Narco groups and gangs are vying for control over this turf, neighborhood by neighborhood, to gain more foot soldiers for drug sales and distribution, expand their customer base, and make money through extortion in a country left with an especially weak, corrupt government following a 2009 coup.
In Honduras, which has by far the highest murder rate of any nation in the world, the narcos control the public schools, forcing children to use and sell drugs and teachers to pay a “war” tax in order to remain in classrooms. Kids are afraid to go to school. Sexual violence and murder are rampant.
Girls face particular dangers — one reason around 40 percent of children who arrived in the United States this year were girls, compared with 27 percent in the past. Recently three girls were raped and killed in Nueva Suyapa, one only 8 years old. Two 15-year-olds were abducted and raped. The kidnappers told them that if they didn’t get in the car they would kill their entire families. Some parents no longer let their girls go to school for fear of their being kidnapped, says Luis López, an educator with Asociación Compartir, a nonprofit in Nueva Suyapa.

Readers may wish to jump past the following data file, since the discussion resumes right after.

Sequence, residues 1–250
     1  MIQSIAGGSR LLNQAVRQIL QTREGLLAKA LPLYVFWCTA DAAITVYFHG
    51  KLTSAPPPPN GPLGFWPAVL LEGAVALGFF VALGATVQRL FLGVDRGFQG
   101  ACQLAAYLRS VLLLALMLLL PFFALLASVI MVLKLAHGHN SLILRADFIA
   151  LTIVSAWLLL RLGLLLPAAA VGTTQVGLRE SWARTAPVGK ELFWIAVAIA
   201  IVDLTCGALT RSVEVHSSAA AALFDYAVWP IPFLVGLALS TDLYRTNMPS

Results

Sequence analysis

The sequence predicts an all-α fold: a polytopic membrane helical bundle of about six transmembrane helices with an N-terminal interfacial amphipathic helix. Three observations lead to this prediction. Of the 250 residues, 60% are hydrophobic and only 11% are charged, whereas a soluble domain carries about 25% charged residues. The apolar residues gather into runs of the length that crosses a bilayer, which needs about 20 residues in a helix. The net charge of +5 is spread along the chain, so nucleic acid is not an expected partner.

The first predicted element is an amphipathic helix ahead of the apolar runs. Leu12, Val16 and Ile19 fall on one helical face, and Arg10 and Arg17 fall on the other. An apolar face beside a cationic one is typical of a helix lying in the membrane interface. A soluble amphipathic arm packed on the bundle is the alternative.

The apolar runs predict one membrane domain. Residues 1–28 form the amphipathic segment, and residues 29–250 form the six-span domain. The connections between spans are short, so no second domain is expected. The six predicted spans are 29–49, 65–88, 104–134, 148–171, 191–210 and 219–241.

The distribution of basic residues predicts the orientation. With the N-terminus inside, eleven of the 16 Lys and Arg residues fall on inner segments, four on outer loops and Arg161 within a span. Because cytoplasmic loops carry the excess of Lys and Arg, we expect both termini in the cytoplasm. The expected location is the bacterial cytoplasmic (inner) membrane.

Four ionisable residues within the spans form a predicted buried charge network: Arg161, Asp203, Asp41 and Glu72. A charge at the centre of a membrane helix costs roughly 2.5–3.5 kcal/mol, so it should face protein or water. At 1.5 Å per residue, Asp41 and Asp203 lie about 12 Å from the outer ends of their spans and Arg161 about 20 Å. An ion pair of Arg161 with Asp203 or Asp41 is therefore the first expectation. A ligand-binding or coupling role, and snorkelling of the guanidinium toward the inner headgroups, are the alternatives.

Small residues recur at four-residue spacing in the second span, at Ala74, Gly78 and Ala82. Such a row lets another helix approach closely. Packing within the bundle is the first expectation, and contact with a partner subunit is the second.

Milagro Noemi Martínez, a petite 19-year-old with clear green eyes, has been told repeatedly by narcos that she would be theirs — or end up dead. Last summer, she made her first attempt to reach the United States. “Here there is only evil,” she says. “It’s better to leave than have them kill me here.” She headed north with her 21-year-old sister, a friend who had also been threatened, and $170 among them. But she was stopped and deported from Mexico. Now back in Nueva Suyapa, she stays locked inside her mother’s house. “I hope God protects me. I am afraid to step outside.” Last year, she says, six minors, as young as 15, were killed in her neighborhood. Some were hacked apart. She plans to try the journey again soon. Asking for help from the police or the government is not an option in what some consider a failed state. The drugs that pass through Honduras each year are worth more than the country’s entire gross domestic product. Narcos have bought off police officers, politicians and judges. In recent years, four out of five homicides were never investigated. No one is immune to the carnage. Several Honduran mayors have been killed. The sons of both the former head of the police department and the head of the national university were murdered, the latter, an investigation showed, by the police.